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Re: Wai Aria how useful?


From: Phil Teare
Date: Jul 27, 2010 1:51PM

Anyone know a screen-reader I can use on a mac that recognizes Aria live


Phil Teare,

On 27 July 2010 20:05, < <EMAIL REMOVED> > wrote:

> " NVDA is rapidly growing in popularity. Whilst it lacks some of the
> functionality that other screen readers provide, it's increasingly used as a
> backup option and in time I think we'll see it gain primary ground as well.
> Jaws is undoubtedly the most popular primary option, but the WebAIM
> survey reports that 49% of people use more than one screen reader. Of the
> alternatives, NVDA is the most popular with nearly 26% of people choosing
> it.
> http://webaim.org/projects/screenreadersurvey2/"
> I am very familiar with the results of the WebAIM survey. I was one of the
> respondents. I think that the survey supports my view that NVDA in most
> cases it is not the best platform for user testing. Only 3% of respondents
> listed NVDA as their primary screen reader. I believe that user testing
> should be conducted using the user's primary screen reader and browser
> combination unless you are testing for use in a closed environment where the
> user will not have a choice of platform, including their OS, AT and other
> software.
> I believe that there is a risk in assuming that the population of survey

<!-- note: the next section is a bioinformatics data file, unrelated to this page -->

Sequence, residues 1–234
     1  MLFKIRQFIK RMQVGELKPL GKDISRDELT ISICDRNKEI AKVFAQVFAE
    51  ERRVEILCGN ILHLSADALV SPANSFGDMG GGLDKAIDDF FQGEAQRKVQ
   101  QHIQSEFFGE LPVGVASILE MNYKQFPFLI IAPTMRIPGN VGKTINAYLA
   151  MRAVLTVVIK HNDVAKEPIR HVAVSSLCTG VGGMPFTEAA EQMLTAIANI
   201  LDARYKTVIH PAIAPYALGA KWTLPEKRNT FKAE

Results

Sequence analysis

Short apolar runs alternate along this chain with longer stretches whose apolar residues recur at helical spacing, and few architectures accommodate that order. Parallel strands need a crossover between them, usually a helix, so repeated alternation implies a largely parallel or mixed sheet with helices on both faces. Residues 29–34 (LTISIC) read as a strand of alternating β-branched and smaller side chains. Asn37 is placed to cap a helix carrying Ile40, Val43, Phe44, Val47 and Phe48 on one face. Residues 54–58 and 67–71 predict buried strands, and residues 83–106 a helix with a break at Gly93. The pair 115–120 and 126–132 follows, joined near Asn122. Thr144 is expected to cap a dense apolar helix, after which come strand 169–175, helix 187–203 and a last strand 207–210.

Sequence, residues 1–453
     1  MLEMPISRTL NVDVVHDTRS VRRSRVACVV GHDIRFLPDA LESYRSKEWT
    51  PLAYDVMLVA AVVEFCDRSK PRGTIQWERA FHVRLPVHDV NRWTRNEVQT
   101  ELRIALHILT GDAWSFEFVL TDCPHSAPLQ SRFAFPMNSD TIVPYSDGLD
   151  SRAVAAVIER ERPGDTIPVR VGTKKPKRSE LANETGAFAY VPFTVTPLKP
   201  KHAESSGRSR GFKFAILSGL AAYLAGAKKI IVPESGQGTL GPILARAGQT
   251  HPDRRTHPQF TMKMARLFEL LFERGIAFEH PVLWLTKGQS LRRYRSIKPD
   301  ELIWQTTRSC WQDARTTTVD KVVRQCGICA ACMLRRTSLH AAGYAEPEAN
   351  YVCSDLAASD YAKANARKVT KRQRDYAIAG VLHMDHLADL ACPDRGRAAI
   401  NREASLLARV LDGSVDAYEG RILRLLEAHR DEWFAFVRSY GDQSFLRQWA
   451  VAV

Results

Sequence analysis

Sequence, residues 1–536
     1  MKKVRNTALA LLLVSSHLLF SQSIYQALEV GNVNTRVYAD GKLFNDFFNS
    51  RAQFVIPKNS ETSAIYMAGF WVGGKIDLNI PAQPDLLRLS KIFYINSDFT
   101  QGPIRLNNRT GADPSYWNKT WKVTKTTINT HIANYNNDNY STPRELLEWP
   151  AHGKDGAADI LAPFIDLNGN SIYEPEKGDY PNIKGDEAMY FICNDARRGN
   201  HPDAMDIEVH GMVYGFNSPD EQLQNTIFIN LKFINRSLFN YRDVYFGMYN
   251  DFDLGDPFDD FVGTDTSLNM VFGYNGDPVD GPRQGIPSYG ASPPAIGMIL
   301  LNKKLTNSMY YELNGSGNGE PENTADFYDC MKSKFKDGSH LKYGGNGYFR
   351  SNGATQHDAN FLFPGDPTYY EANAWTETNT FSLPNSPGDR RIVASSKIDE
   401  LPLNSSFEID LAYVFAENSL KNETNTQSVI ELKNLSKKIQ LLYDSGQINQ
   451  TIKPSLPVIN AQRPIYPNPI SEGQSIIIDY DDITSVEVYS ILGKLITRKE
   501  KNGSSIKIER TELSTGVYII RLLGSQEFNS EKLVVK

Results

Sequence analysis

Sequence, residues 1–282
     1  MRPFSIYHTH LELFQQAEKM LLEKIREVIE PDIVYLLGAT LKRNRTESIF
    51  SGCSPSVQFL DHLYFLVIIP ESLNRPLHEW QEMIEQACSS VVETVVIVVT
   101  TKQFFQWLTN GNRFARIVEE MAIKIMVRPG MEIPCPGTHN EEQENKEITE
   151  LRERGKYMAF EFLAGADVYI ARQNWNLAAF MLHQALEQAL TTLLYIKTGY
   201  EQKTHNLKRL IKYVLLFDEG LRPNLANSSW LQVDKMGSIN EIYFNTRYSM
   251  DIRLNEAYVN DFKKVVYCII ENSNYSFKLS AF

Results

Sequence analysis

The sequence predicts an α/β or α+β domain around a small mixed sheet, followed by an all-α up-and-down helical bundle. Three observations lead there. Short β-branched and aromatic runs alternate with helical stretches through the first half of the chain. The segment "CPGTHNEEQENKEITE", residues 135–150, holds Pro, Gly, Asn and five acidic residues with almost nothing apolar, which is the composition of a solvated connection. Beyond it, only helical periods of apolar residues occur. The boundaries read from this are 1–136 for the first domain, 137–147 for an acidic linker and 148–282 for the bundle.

> respondents is fully representative of screen reader users in general. My
> gut instinct is that the population may have been a bit more tech savvy. For
> example 10% of the respondents reported that they do not have a disability.
> I would be very surprised to find that 10% of JAWS users do not have a
> disability. I would also expect that 10% is heavily concentrated among
> accessibility experts. Even among the 90% of respondents who reported a
> disability I would not be surprised to learn that there was a
> disproportionate representation of folks who could be considered technology
> and/or accessibility experts. I am not suggesting that the results of the
> survey are invalid, just that some of the more surprising findings such as
> use of multiple screen readers, and recent updates of AT may not truly
> reflect the screen reader user population in general.
> NVDA is a good tool for troubleshooting problems. It helps us confirm when
> problems are related to the AT and not the application, document, or system
> under test. We are starting a pilot program to evaluate NVDA and/or SAToGo
> as a supplemental assistive technology for our staff who use a screen
> reader. Since most of our staff who use a screen reader are not
> technologists and most could be considered "average" in their computer
> skills, it will be interesting to get their feedback on the usefulness of a
> second screen reader.
> Mike Moore